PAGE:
Brief Fact Summary. The Plaintiff, Fisch (Plaintiff), suffered injuries in a car accident and the jury returned with a small award in his favor. The trial judge submitted that unless the Defendants, Manger and others (Defendants), agreed to an increase in the amount awarded, he would grant a new trial on the damages question alone. Defendants agreed, but the Plaintiff appealed arguing the amount was too small.
Synopsis of Rule of Law. Trial judges may grant additurs and remittiturs when substantial justice in the original trial may be achieved instead of having to grant a new trial.
Issue. Whether the trial judge had the legal authority to condition a new trial on Defendant’s failure to consent to a prescribed increase in the verdict.
Held. The trial court’s action in prescribing a paltry increase in the verdict amount was not permitted to stand. The interest of justice would be best served by permitting a second jury to decide on the issue of damages. The separable issue of liability of the Defendants was clearly and properly decided. Reversed, with direction for a new trial on the issue of damages.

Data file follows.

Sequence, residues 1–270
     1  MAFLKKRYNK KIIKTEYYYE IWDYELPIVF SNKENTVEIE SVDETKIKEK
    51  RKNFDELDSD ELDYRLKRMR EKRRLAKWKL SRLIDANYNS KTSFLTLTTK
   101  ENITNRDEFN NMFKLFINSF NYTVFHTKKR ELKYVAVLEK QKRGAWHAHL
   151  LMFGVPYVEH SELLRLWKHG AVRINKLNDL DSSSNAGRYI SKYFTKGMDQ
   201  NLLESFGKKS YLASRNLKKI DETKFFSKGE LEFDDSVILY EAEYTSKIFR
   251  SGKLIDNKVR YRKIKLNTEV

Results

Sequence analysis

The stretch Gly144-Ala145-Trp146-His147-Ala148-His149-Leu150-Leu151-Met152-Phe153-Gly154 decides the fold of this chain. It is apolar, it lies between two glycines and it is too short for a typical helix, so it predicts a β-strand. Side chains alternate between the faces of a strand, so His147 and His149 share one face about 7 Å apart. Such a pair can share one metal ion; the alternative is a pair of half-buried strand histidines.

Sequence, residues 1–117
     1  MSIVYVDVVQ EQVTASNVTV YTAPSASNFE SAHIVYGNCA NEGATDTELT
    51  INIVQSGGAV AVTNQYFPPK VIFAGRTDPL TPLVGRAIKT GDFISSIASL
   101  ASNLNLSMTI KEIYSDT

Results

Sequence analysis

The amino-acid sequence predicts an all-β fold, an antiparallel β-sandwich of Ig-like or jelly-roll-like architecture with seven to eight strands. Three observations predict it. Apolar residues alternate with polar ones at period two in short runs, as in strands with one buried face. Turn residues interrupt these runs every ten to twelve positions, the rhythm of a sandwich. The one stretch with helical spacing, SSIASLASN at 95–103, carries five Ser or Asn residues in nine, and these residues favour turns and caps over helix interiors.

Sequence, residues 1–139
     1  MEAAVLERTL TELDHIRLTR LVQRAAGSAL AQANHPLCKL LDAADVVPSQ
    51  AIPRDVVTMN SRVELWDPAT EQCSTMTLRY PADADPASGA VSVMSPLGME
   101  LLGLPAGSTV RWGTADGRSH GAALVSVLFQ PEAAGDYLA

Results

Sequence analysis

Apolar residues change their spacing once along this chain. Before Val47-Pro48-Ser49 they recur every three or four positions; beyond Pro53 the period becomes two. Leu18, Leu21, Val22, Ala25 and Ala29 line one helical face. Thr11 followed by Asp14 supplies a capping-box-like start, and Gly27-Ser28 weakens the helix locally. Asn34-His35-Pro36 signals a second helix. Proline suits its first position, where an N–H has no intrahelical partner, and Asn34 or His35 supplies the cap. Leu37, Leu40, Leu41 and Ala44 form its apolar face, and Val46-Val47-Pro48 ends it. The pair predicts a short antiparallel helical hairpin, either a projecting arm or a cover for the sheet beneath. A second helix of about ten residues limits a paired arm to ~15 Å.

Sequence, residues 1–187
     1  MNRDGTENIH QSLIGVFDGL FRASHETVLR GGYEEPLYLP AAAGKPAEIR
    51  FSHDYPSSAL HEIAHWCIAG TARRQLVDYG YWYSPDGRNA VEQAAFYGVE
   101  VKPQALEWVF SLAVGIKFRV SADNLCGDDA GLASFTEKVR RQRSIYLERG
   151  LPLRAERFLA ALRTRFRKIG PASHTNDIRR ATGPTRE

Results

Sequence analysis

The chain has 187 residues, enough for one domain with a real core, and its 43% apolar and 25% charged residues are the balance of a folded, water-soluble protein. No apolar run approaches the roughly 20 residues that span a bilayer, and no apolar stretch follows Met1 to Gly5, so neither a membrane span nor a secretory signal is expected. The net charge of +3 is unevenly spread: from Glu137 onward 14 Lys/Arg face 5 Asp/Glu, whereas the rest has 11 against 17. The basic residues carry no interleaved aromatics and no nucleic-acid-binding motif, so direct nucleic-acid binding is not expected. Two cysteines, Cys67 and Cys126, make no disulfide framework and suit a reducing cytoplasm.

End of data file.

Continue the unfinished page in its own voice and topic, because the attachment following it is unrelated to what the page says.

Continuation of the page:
Concurrence. The additur practice contravenes the essence of the common-law right of trial by jury.
Where the verdict is excessive, the practice of substituting a remission of the excess for a new trial is not without plausible support in the view that what remains is included in the verdict along with the unlawful excess--in that sense that it has been found by the jury--and that the remittitur has the effect of merely lopping off an excrescence.View Full Point of Law
Additur is used to describe an order denying the plaintiff’s application for a new trial on condition that the defendant consents to a specified increase in the jury’s award.
The appeals court noted that the sum to which the trial judge increased the award was too small and that the trial judge’s basis of the decision – a prolonged back injury of the Plaintiff, had no bearing since that injury had no effect, whatsoever, on the accident injuries.